Last winter, Kolko's Concepts in Human-Computer Interaction class teamed up with computer science lecturer Ruth Andersen's course, Designing Technologies for Resource-Constrained Environments. Five students set out to design a low-cost maternal ultrasound for use in the developing world.

"We got thrown into it after hearing a brief presentation by Dr. Nathan about what he was looking for," Hope said. "We sort of jumped at the challenge."

At first students thoroughly researched the medical needs, the existing technology and other groups' attempts to deliver low-cost ultrasound. They spoke with their professors and with ultrasound practitioners at the UW Medical Center. They also drew up a survey for the Ugandan midwives working with Nathan.

Their eventual concept was a modular device with a simple interface and off-the-shelf parts. It would focus on detecting three things: multiple births; breech births, when the fetus' head is pointing upward; and when the placenta is blocking the birth canal. Midwives seeing these high-risk cases could advise the mother to deliver at a medical center rather than at home.

Last spring, the concept became reality. The project evolved into a senior-level research project in computer science and engineering working with Kolko's team. Doctoral student Waylon Brunette and professor Gaetano Borriello joined Anderson as advisers. Initial funding came from a $2,500 undergraduate research award from the College of Engineering.

"We came after this not just as a technology problem but as a human problem. We were really able to innovate that way. And I think that's been the missing piece in other low-cost ultrasound projects," Kolko said.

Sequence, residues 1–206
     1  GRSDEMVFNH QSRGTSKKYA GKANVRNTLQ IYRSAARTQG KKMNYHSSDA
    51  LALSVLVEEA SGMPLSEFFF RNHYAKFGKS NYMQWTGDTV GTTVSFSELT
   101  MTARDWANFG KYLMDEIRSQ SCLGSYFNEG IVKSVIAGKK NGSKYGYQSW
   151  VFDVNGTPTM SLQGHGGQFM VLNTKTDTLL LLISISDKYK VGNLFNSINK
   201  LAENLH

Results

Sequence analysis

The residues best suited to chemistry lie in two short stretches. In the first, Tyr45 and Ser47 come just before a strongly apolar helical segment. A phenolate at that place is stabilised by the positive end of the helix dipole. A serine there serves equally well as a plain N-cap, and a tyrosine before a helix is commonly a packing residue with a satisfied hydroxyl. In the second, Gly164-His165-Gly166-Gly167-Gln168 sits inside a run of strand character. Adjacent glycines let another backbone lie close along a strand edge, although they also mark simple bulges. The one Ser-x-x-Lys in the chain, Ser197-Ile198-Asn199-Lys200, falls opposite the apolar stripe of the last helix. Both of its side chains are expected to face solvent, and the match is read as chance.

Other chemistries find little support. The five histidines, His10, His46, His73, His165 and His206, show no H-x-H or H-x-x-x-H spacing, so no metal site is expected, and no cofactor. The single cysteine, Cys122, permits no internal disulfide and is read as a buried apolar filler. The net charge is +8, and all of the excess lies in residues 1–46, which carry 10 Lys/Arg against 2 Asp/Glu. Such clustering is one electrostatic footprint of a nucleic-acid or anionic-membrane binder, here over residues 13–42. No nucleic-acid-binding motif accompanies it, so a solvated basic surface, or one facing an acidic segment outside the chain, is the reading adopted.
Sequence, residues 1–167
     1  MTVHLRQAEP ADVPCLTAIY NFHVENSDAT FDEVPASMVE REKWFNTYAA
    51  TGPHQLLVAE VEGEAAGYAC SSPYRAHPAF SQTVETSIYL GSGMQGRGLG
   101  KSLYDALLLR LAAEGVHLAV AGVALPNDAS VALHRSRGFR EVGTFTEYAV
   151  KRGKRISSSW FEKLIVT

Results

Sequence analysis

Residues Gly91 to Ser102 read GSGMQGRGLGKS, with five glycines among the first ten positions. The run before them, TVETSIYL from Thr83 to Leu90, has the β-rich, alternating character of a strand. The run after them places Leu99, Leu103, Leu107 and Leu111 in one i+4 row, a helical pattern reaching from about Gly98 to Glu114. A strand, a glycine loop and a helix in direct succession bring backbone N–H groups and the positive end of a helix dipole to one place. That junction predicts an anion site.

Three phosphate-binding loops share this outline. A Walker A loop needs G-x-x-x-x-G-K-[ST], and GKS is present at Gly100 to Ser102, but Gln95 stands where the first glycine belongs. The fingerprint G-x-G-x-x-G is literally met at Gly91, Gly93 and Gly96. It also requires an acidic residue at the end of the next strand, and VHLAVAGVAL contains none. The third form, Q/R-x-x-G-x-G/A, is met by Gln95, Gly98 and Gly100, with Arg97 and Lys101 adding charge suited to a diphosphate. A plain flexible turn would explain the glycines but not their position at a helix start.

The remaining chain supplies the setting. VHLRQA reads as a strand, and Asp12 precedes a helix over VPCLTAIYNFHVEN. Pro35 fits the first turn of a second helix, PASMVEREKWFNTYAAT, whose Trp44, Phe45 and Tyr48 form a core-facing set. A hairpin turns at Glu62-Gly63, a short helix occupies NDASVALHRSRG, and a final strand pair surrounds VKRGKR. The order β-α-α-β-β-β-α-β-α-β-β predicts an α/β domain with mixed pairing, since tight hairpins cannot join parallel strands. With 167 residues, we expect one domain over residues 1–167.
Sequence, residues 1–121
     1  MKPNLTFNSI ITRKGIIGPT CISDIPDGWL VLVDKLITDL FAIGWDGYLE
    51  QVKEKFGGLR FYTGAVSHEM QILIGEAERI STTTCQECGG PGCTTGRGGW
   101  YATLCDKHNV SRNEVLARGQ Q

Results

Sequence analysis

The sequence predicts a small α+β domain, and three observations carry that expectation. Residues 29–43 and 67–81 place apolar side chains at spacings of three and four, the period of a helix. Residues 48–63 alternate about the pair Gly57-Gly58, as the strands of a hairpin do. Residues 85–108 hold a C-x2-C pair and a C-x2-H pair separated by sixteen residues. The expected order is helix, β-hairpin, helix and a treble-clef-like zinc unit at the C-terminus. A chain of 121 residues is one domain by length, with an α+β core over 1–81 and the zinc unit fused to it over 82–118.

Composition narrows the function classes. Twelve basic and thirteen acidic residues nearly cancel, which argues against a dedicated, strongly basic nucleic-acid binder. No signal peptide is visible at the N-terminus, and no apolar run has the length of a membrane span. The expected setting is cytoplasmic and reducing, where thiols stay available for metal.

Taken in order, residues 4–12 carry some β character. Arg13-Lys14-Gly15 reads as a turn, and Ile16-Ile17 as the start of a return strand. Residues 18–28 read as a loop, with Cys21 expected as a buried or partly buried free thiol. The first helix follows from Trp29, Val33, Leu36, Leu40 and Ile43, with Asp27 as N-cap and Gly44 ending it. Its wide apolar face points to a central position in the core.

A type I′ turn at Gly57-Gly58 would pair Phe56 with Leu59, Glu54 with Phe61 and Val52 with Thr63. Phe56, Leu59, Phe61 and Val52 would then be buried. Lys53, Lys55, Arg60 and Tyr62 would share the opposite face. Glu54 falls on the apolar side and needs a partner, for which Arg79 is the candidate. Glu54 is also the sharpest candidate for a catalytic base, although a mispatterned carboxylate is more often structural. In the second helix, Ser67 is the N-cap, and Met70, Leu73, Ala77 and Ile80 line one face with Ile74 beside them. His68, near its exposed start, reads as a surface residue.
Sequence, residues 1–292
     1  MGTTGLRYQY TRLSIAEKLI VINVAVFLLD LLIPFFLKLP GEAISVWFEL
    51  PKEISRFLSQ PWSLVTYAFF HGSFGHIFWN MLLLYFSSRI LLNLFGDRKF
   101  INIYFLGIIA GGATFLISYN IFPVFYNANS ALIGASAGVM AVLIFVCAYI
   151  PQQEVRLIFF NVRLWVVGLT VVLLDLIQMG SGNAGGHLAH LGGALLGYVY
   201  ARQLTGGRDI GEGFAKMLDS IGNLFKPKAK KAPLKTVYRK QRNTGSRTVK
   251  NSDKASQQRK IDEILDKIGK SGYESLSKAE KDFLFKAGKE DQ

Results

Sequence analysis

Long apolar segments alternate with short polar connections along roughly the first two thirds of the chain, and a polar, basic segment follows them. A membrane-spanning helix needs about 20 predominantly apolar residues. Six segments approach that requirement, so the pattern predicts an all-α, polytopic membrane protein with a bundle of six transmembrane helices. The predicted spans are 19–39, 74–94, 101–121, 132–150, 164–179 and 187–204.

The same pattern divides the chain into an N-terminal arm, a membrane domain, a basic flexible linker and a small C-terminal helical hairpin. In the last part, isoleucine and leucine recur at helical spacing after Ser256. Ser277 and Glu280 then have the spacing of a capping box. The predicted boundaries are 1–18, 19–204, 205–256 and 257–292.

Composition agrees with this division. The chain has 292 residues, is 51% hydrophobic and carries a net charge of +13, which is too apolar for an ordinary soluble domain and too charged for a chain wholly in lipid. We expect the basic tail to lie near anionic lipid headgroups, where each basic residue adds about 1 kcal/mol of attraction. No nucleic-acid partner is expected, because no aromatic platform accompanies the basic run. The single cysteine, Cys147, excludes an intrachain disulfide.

More graduate students in the human centered design and engineering department have joined the group this fall, many using the project to earn research credits. This month's preliminary tests in Seattle will be the first time the device is used to image a fetus. The students also are writing a help system and preparing for the field test in Uganda.

The group will present its research next month in London, England at the Symposium on Computing for Development, which focuses on computing applications for the developing world.

"This started as a class project," Hope said. "To find out that we had gotten the money was very exciting. It really drove home that this project is going to push forward."


'/>"/>

Contact: Hannah Hickey
hickeyh@uw.edu
206-543-2580
University of Washington
Source:Eurekalert  

Related biology news :

1. NIMBioS hosts 200 undergraduates at national research conference
2. High Performance, Low-Cost VoIP Chips Address Critical Performance Issues Such as Echo, Latency, and Packet Loss
3. Cellulosic biofuel technology will generate low-cost green fuel, says major study